Friday, December 28, 2012

How Previous Scholarship is Making Piecing Together the Centonized Canon of Pauline Writings that Much More Difficult

There is an interesting pattern which emerges in the writings of Methodius which should be noted.  In the anti-Origenist passage cited by Epiphanius in the Panarion, Methodius speaks about 'the saying' (sing.) of the apostle which seems to span a great body of works.  The references moves from Romans 6 - 7 to Colossians 3 to 1 Corinthians 15:

And the apostle's saying, "He shall also quicken your mortal bodies," (Romans 6:11) even when the body is mortal and incapable of true life, can be a proof that, although the bodily form of which we have spoken is by nature mortal, it will itself be changed from a "body of death," (Romans 7:24) be quickened by the life-giving Spirit "when Christ who is our life shall appear," (Colossians 3:4) and from [this] become spiritual. And "Some man will say, How are the dead raised up, and with what body do they come?' (1 Corinthians 15:35) is also plain proof that the first substratum will not be raised. For if we have understood the illustration properly, we must hold that when the generative principle in the grain of wheat has laid hold of the matter which surrounds it, has permeated it entirely and has taken control of its form, it imparts its own powers to what was formerly earth, water, air and fire, and by prevailing over their characteristics transforms them into the thing whose creator it is. And thus the ear of grain comes to maturity, vastly different from the original seed in shape, size and complexity. [Panarion 64.16.5f]

Here's what makes it so difficult to track down this reference.  First of all, Schaff's edition of Methodius is sloppy - the reference to Col 3:4 in Bonwetsch is listed as 'Col 3:4' everywhere in his edition.  Then when you attempt to cross reference 'Col 3:4' in the writings of Clement using CERF there is rightly no reference to the passage in the Stromata.

But Schaff again not only refuses to translate Book Three into English but leaves as a note to the Latin translation 'Col 3:4' in the following passage in chapter 5:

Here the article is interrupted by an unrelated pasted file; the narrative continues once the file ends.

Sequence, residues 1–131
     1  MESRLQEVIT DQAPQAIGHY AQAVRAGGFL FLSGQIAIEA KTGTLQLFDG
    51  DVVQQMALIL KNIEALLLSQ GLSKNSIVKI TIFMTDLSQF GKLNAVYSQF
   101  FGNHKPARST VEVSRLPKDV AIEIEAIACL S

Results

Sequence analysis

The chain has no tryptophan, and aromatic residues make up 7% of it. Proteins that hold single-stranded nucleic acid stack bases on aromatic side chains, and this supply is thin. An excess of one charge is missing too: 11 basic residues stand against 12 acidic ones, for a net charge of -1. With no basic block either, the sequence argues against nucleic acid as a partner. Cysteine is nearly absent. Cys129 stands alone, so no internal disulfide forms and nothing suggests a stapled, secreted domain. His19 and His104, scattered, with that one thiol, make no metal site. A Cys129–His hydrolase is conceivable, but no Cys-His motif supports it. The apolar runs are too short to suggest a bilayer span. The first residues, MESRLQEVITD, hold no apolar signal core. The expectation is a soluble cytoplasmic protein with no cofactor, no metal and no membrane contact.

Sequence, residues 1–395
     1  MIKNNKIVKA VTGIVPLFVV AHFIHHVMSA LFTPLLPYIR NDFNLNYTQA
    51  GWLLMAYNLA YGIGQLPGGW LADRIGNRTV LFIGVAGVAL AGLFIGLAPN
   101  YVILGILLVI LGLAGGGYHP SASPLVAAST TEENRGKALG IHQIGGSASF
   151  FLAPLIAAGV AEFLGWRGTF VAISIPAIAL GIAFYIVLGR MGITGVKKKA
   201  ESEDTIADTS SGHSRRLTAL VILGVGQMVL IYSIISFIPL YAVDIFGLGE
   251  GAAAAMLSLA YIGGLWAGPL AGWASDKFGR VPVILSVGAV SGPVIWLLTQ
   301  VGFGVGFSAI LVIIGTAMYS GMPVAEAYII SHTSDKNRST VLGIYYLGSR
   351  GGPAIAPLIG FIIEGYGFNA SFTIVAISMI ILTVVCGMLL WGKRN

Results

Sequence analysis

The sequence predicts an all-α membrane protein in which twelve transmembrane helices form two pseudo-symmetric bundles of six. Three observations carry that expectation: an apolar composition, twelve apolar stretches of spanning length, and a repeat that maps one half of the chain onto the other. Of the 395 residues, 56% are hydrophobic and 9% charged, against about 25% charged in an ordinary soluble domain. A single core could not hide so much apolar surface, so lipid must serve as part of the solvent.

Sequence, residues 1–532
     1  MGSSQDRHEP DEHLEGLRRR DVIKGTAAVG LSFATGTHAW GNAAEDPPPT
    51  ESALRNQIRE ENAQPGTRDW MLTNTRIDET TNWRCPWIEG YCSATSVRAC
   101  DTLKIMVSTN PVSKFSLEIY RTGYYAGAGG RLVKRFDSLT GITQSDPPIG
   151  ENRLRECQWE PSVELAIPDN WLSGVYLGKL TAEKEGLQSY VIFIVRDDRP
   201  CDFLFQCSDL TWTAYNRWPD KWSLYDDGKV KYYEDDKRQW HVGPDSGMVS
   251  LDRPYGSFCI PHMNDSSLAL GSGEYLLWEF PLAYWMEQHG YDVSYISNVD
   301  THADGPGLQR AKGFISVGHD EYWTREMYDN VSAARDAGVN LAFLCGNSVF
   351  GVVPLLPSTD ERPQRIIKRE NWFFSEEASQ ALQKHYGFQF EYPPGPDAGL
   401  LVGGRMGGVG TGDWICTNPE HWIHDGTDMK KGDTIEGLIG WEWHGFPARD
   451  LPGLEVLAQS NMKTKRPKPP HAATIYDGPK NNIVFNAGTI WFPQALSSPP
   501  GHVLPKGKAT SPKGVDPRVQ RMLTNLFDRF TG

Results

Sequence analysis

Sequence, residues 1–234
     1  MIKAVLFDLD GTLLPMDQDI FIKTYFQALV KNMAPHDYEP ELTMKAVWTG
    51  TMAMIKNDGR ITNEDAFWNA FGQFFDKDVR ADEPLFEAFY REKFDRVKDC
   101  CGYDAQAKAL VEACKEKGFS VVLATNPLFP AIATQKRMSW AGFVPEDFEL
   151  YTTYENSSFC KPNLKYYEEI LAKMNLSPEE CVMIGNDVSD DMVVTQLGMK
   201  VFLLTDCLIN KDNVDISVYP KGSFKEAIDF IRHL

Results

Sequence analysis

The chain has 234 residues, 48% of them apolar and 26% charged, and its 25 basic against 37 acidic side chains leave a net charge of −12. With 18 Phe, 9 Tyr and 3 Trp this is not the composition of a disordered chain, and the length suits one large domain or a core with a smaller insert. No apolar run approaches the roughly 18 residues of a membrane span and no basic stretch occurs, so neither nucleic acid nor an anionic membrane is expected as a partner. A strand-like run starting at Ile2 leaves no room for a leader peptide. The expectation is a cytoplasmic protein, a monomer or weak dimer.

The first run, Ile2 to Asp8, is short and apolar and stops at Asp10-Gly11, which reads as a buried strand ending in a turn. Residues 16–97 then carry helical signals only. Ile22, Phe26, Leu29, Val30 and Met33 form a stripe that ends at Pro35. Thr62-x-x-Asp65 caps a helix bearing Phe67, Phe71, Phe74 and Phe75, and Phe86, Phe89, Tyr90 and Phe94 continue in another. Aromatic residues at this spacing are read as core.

It is impossible for those who are still under the direction of their passions to receive true knowledge of God. It follows that if they have not achieved any knowledge of God, they do not have any experience of final hope either. The person who fails to attain this end looks liable to the charge of ignorance of God. Ignorance of God is displayed by one’s way of living.  It is absolutely impossible to combine actual scientific knowledge with a failure to show shame at giving in to the demands of the body. It is impossible to harmonize the view that the supreme good consists in pleasure with the view that beauty of character  is the only good: This is seen only in the Lord, God alone is good and the sole fit object of love.  "You have been circumcised in Christ with a circumcision not performed with hands in stripping yourselves of your fleshly body, that is, in Christ’s circumcision. So if you are risen together with Christ, look for the things above, fix your mind on them, not on earthly things. For you are dead, and your life has been buried in God together with Christ" – this hardly applies to the sexual immorality which they practice!  "So mortify your earthly members – fornication, filthiness, passion, lust; through these the visitation of anger is on its way." So they too should put away "anger, temper, vice, slander, dirty talk from their mouths, stripping themselves of the old human nature with its lusts and putting on the new human nature, which is renewed for full knowledge in accordance with the likeness of its creator." [Clement Stromata 3.5]

The long (and continuous) citation here from Colossians goes right up to 3:3 but passes over 3:4.  It is listed as Col 2.11, 3.1-3, 5-6, 8-10 in Ferguson's translation which is correct.

But where did Col 3:4 disappear to?  I am increasingly convinced that there was no 'Epistle to the Colossians' in the original canon.  This material was cut out of an epistle dealing with 'baptism of the dead' and castration (notice the reference to the 'Christ circumcision').  The original epistle may well have included the reference to 'fornicators' in 1 Corinthians 5 and gone on to differentiate those who had undergone the Marcionite baptism into death/resurrected as Christ's angelic nature through ritual castration.  It probably included Romans 6 - 8 and 1 Corinthians 15.  All of this is speculation right now.  I just wanted to demonstrate how scholarship has made an already difficult task even more difficult with shoddy work.

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